National Socialists! At that time you probably all felt that this step was a bitter and difficult one for me. The German people has never harbored hostile feelings against the peoples of Russia. However, for more than two decades the Jewish Bolshevik rulers in Moscow had been endeavoring to set aflame not only Germany but all Europe. At no time did Germany ever attempt to carry her National Socialist worldview into Russia, but on the contrary Jewish Bolshevik rulers in Moscow unswervingly endeavored to foist their domination upon us and other European nations, not only by ideological means but above all with military force. The consequences of the activity of this regime were nothing but chaos, misery and starvation in all countries.
I, on the other hand, have been striving for two decades, with a minimum of intervention and without destroying our production, to arrive at a new socialist order in Germany, one that not only eliminates unemployment but also permits the productive worker to receive an ever greater share of the fruits of his labor. The achievements of this policy of national economic and social reconstruction -- which strove for a true national community by overcoming rank and class divisions -- are unique in today's world.
It was therefore only with extreme difficulty that I brought myself in August 1939 to send my [Foreign] Minister [von Ribbentrop] to Moscow in an endeavor there to counter the British encirclement policy against Germany. I did this only out of a sense of responsibility toward the German people, but above all in the hope of finally, in spite of everything, achieving long-term detente and of being able to reduce sacrifices that otherwise might have been demanded of us.
While Germany solemnly affirmed in Moscow that the designated territories and countries -- with the exception of Lithuania -- lay outside any German political interests, a special [supplementary] agreement was concluded in case Britain were to succeed in inciting Poland into actually going to war against Germany. In this case, as well, German claims were subject to limitations entirely out of proportion to the achievements of the German forces.
National Socialists! The consequences of this treaty, which I myself desired and which was concluded in the interests of the German nation, were very severe, particularly for Germans living in the countries concerned. Far more than half a million [ethnically] German men and women, all small farmers, artisans and workmen, were forced to leave their former homeland practically overnight in order to escape from a new [Soviet] regime that at first threatened them with boundless misery and sooner or later with complete extermination.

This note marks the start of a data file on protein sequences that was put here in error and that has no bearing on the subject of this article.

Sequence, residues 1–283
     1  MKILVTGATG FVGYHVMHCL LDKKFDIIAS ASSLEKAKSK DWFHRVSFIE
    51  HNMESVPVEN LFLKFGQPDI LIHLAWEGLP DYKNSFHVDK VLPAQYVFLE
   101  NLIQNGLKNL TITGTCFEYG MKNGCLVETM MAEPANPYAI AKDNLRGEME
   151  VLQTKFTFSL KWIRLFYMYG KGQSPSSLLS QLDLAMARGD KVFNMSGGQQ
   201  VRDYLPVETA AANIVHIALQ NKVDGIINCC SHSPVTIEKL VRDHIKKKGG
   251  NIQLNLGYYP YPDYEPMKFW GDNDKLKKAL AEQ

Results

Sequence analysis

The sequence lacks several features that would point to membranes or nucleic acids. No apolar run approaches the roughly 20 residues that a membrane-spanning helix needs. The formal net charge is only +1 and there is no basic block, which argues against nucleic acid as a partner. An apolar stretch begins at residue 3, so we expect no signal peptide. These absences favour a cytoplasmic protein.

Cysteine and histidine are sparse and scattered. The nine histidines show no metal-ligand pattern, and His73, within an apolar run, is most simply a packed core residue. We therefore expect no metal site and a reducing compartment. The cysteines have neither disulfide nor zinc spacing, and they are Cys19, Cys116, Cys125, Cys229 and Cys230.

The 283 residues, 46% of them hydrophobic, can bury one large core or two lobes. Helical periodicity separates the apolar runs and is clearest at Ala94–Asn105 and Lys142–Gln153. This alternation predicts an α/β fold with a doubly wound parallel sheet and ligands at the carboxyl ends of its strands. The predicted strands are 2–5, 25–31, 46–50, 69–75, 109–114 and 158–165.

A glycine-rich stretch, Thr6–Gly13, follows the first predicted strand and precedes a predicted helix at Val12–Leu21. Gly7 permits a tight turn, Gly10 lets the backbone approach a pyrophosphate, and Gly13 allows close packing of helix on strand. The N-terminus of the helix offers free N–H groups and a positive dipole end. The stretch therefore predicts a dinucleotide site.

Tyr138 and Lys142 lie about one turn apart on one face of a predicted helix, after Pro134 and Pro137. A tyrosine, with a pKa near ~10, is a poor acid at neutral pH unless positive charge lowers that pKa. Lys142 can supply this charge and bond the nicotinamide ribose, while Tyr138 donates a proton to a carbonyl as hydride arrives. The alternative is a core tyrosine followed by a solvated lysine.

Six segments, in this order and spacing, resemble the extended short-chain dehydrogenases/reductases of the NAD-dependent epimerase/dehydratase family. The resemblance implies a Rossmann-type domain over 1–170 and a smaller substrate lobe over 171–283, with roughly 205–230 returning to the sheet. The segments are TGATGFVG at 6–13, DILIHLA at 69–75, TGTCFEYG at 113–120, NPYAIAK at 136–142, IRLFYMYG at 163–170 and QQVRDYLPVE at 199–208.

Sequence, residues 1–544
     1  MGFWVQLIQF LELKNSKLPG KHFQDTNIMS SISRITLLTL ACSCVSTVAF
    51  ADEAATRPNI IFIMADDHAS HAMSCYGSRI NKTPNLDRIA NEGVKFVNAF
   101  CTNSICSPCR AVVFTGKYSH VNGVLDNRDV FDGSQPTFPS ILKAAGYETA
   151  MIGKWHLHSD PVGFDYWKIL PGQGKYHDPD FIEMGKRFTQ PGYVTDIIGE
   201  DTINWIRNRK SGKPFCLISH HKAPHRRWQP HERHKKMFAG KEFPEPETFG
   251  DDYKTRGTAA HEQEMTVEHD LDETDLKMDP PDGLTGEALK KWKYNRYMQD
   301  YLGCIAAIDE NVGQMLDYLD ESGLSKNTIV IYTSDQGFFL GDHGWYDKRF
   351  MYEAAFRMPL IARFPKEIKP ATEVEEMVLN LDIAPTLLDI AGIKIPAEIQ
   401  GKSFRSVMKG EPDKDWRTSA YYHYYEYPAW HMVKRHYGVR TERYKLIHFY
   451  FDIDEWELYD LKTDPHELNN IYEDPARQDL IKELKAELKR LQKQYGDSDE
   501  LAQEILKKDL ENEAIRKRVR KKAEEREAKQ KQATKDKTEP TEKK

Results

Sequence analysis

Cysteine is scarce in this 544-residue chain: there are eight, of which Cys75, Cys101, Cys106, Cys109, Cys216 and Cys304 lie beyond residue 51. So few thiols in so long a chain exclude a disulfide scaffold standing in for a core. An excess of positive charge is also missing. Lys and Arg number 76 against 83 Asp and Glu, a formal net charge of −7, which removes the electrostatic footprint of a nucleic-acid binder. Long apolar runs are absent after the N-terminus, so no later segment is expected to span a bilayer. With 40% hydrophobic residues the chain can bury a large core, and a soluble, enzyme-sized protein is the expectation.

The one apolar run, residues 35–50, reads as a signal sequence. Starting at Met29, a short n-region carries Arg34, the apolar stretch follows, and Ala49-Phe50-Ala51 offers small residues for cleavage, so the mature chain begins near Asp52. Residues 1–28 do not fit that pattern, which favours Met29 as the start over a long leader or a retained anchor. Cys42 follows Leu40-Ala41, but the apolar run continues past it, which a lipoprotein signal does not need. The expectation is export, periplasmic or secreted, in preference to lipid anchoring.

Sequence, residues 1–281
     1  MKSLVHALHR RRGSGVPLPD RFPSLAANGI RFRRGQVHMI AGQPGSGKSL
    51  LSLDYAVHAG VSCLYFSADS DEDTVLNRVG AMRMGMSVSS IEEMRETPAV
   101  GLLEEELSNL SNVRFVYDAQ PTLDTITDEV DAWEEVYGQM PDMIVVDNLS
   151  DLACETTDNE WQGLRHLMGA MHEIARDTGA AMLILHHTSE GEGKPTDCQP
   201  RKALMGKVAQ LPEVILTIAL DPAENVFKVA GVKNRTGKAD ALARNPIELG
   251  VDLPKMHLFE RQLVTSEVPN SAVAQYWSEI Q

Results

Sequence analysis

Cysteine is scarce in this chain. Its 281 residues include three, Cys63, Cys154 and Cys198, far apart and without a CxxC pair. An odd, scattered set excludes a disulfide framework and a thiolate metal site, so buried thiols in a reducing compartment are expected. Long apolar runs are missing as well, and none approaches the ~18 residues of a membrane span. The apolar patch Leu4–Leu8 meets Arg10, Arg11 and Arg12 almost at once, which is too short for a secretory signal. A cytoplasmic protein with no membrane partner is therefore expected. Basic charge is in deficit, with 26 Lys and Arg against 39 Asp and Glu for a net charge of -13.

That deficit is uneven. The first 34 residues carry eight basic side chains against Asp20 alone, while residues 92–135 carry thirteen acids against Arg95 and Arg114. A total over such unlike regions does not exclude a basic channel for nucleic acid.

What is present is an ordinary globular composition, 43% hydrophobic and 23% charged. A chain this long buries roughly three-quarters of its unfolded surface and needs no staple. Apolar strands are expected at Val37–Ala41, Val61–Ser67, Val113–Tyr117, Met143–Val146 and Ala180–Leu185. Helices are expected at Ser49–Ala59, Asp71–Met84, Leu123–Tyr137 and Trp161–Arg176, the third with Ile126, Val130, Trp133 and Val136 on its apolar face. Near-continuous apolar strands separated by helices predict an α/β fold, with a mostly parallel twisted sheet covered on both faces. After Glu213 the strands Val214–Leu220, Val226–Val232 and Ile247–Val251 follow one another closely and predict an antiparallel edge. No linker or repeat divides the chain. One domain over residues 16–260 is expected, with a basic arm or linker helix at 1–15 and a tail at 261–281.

Nevertheless, thousands of Germans disappeared. It was impossible ever to determine their fate, let alone their whereabouts. Among them were no fewer than 160 men of German Reich citizenship. To all this I remained silent because I had to! For, after all, it was my one desire to bring about a final relief of tension and, if possible, a permanent settlement with this [Soviet] state.
However, already during our advance in Poland, Soviet rulers suddenly, and contrary to the treaty, also claimed Lithuania. The German Reich never had any intention of occupying Lithuania, and not only failed to present any such demand to the Lithuanian government, but on the contrary refused the request of the then Lithuanian government to send German troops to Lithuania in that spirit for that purpose as inconsistent with the aims of German policy.
Despite all this I complied also with this fresh Russian demand. However, this was only the beginning of continually renewed extortions, which have been repeated ever since.
The victory in Poland, which was won exclusively by German troops, prompted me to address yet another peace offer to the Western powers [Britain and France]. It was rejected, due to the efforts of the international and Jewish warmongers. Already at that time the reason for this rejection lay in the fact that Britain still had hopes of being able to mobilize a European coalition against Germany, which was to include the Balkans and Soviet Russia. It was therefore decided in London to send Mr. Cripps as ambassador to Moscow. He received clear instructions under all circumstances to resume relations between Britain and Soviet Russia, and develop them in a pro-British direction. The British press reported on the progress of this mission, except insofar as tactical reasons did not impose silence.
In the fall of 1939 and the spring of 1940 the first results actually made themselves felt. As Russia undertook to subjugate by armed force not only Finland but also the Baltic states, she suddenly motivated this action by the assertion, as ridiculous as it was false, that she must protect these countries from an outside threat, or forestall it. This could only be meant to apply to Germany, for no other power could even intervene in the Baltic area, let alone go to war there. Still I had to be silent. However, those in power in the Kremlin immediately went further.
Whereas in the spring of 1940 Germany, in accordance with the so-called Friendship Treaty [of Sept. 28, 1939, with Soviet Russia], withdrew her forces from the eastern frontier and, in fact, for the most part cleared these areas entirely of German troops, a deployment of Russian forces at that time was already beginning, to an extent that could only be regarded as a deliberate threat to Germany.
According to a statement that [Soviet Foreign Minister] Molotov personally made at that time, there were 22 Russian divisions in the Baltic states alone already in the spring of 1940. Given that the Russian government always claimed that it had been called in by the local population, the purpose of their presence there could only be a demonstration against Germany.